Eggs: Eggs are a staple in my house for my daughter, my husband and myself. It was previously thought to hold off on egg whites before one year of age, but like the recommendations for allergens, most pediatricians say you can introduce whole egg soon after starting solids- just be sure the egg is thoroughly cooked! I love scrambled eggs as a finger food- they are so nutritious, and easy for baby to pick up and eat relatively early on. Making an egg and vegetable scramble or frittata is a great way to include vegetables in baby’s breakfast as well.
Peanuts and Tree nuts: These are among the most highly allergenic foods, just be sure to monitor for reactions when introducing peanuts and tree nuts. Keep in mind that whole nuts are a choking hazard for children until about 4 years of age. When introducing nuts, try spreading a thin amount of nut butter on a piece of bread for an older infant, or mixing a bit of peanut butter into oatmeal, putting a small amount of nut butter on a spoon (too large of a scoop can be a choking hazard as well), or adding peanut butter to a smoothie. If you baby loves peanut butter as much as mine did, she’ll be well on her way to learning how to use a spoon!
Fish and shellfish: Fish is great food for babies because of all of the nutrient benefits- just be sure fish is thoroughly cooked. Most fish contains 9 essential amino acids, making it a complete protein. Fatty fish is an excellent source of omega-3 fatty acids (Specifically DHA) which baby needs for brain growth, especially under 2 years of age. You will want to choose a fish type that is lower in mercury (some fish to avoid include King mackerel, marlin, orange roughy, shark, swordfish, tilefish, ahi tuna, and bigeye tuna). The EPA has this great guide which lists the mercury content and sustainability level of many types of seafood. Flaked salmon can be a great finger food (or even mashed with avocado or sweet potato), or try making crab cakes or tilapia cakes.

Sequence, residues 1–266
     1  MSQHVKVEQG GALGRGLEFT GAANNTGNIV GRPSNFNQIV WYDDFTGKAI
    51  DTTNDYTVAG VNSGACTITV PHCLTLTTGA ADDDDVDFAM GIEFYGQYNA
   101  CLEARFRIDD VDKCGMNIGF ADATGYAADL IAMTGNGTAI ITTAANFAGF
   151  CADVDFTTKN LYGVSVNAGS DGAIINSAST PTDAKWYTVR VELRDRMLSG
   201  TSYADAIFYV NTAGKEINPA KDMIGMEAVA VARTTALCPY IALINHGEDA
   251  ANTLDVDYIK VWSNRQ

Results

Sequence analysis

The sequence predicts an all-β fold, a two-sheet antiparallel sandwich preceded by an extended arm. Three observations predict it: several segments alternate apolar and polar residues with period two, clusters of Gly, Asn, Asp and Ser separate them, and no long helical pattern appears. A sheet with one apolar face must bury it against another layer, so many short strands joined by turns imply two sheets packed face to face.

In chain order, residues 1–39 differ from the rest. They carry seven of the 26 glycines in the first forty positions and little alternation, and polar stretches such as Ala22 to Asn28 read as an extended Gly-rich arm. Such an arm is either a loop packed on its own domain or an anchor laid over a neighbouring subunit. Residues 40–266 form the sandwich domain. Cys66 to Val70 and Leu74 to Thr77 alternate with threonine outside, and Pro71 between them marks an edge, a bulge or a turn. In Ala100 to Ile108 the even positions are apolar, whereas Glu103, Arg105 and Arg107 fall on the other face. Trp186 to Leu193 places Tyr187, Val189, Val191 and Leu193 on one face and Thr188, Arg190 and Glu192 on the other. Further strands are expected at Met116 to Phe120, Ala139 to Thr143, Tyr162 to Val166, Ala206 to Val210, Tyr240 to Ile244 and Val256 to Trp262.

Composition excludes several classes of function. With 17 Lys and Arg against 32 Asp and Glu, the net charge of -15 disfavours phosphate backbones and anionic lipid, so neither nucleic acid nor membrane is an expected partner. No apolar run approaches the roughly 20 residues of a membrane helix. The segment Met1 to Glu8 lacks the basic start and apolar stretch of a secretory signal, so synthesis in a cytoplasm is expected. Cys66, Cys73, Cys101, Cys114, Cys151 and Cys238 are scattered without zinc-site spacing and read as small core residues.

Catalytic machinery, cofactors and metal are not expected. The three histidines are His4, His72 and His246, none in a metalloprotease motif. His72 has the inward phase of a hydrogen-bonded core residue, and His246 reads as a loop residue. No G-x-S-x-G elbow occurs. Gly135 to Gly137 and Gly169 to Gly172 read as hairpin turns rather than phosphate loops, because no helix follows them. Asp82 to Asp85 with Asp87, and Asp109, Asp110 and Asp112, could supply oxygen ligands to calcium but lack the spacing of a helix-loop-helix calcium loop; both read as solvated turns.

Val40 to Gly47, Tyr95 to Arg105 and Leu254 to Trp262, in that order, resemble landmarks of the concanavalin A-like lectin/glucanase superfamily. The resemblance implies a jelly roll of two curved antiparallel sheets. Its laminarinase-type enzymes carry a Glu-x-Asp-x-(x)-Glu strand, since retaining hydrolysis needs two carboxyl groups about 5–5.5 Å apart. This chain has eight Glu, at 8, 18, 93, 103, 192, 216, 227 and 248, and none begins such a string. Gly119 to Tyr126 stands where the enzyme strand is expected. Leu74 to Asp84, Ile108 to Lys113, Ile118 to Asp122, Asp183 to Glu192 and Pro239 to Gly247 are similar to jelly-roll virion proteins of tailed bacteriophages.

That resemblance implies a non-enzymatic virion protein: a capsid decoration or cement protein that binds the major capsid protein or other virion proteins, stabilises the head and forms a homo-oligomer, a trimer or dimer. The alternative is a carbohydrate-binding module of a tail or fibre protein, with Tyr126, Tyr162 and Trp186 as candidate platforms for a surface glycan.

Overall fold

Soy: Some pediatricians do recommend waiting to introduce soy until baby is tolerating other foods. If your baby has already been diagnosed with a soy allergy, you will want to speak with your pediatrician on the it’s introduction, and keep in mind many packaged foods contain soy based ingredients. Soy is typically thought of as soy beans (or edemame) and tofu.
Wheat: research and opinions are mixed on the introduction of wheat. Many pediatricians recommend waiting on introducing wheat until other grains have been introduced (like oats) to see if baby has any reaction to grains. Wheat does contain gluten, and some babies might have a gluten intolerance or sensitivity, but note this will be different than a true wheat allergy..
And again, always follow your pediatrician’s recommendations and speak with your pediatrician if food allergies run in your family, as the recommendations may be different. And I always recommend families of babies that have a history of an allergic condition, including a food allergy, asthma, allergic rhinitis or eczema, speak with your pediatrician before offering any of these foods.
Want to learn more about introducing solid food to your little one? Join me at the San Diego Breastfeeding Center for my next introduction to solids class. Learn more here.
www.aapnews.org, Volume 34, Number 2